With her version of this famous story, writer and director Sophia Coppola seems to have focused more on the feeling and circumstance, perhaps, than any necessity for bare-bones fact. Anyone familiar with Coppola’s work won’t be surprised by the sheer beauty of the cinematography. As in her other films (Lost In Translation
The time period in which this film is set offers so much for a director like Sophia Coppola. She does wonders with bridging the historic story to modern viewers. Much of this translation comes in the form of music. Always an important part of a film, particularly for young filmmakers it seems (the soundtracks of
Jason Schwartzman is a perfectly awkward—and plump—Louis the XVI. He does an amazing job of bringing his character full circle, taking Louis from frustratingly nervous boy to an even likable young man, whom one could actually believe to have the makings of a king. Kirsten Dunst does not disappoint as the 14-year-old Austrian Archduchess turned Queen of France. Like Schwartzman, she too captures the quick flip in character Marie and Louis are forced to make. But what stood out most, for me at least, was that despite all the growing up she had to do, and so quickly, Dunst’s Marie Antoinette never lost her open and innocent, child-like heart. The performance which took me most by surprise came from British comedian Steve Coogan as Ambassador Mercy. The role was not huge, necessarily, but Coogan’s character set the tone of the story in a way—his title saying it all, I guess—acting as mediator and guide for the young gap-bridging Marie.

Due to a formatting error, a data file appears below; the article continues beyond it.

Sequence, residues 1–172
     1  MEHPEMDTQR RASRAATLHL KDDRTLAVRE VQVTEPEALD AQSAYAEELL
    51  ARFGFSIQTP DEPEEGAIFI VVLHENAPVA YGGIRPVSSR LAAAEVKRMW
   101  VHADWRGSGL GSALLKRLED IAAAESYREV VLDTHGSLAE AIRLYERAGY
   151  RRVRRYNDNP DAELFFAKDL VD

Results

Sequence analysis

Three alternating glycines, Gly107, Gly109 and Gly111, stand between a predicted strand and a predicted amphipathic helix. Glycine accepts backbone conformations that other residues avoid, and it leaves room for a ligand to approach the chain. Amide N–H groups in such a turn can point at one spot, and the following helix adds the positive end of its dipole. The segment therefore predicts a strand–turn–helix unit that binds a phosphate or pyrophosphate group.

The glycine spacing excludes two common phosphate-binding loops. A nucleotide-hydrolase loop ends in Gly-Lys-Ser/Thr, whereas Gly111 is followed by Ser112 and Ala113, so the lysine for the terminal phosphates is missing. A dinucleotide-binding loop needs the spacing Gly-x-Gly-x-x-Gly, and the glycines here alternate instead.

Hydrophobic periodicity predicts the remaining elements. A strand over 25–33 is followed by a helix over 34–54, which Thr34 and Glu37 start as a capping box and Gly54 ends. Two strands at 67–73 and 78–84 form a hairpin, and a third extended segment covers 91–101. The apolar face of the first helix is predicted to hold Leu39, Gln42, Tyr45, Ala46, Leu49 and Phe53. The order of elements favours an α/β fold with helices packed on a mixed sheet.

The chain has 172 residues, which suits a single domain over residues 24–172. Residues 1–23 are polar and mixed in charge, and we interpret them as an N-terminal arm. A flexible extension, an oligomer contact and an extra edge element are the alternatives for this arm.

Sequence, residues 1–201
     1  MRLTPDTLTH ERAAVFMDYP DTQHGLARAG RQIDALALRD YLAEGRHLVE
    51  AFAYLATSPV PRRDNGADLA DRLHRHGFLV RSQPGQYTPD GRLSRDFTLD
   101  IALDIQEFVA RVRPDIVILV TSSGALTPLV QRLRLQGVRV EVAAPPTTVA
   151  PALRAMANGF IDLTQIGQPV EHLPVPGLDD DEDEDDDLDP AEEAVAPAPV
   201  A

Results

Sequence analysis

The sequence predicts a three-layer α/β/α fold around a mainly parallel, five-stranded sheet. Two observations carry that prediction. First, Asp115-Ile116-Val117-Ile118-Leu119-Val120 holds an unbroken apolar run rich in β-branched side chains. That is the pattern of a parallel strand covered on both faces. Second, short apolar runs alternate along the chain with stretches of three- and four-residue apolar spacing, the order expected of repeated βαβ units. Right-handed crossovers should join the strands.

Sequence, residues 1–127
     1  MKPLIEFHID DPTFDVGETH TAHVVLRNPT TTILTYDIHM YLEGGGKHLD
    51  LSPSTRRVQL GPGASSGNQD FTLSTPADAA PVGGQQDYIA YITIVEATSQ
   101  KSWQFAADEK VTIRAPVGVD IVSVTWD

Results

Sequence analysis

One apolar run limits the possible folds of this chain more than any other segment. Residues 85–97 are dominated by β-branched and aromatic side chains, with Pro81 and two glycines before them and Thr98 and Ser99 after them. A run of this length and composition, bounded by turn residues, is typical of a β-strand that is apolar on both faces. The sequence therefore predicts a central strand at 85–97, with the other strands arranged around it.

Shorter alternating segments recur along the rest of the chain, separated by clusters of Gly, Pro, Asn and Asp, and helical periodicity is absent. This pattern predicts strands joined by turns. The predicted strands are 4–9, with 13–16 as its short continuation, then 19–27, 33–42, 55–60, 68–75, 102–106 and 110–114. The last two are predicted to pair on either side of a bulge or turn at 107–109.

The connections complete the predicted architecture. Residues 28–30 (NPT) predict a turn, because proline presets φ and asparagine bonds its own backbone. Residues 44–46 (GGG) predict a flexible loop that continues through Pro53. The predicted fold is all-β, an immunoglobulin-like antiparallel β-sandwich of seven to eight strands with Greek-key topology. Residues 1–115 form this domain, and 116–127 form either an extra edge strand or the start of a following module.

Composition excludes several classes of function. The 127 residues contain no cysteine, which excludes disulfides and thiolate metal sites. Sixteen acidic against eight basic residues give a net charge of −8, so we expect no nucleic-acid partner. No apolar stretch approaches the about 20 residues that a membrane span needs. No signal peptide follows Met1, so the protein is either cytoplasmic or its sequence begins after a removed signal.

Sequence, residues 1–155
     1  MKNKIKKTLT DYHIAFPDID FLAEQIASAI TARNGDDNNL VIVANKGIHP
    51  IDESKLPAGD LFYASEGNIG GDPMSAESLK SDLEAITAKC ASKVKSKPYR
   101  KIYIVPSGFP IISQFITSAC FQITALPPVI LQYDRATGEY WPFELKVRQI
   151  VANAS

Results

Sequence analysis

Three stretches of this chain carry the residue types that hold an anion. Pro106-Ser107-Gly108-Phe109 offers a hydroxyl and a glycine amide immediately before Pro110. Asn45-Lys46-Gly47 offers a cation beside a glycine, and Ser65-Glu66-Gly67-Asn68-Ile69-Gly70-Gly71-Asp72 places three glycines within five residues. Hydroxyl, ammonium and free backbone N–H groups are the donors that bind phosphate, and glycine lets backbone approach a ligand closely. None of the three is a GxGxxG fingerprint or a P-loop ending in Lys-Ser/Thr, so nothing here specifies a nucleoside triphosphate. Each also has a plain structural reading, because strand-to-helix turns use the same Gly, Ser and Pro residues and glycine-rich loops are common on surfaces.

The one hang up for me was the rather abrupt ending. Albeit, understandably abrupt I guess—I mean, the film couldn’t really be much longer. I think, like a lot of movie watchers, I just like closure, and that’s not really something you get from this film (not that seeing heads roll would have done it for me either). On the upside though, instead of leaving the theatre with the memory of a riveting ending.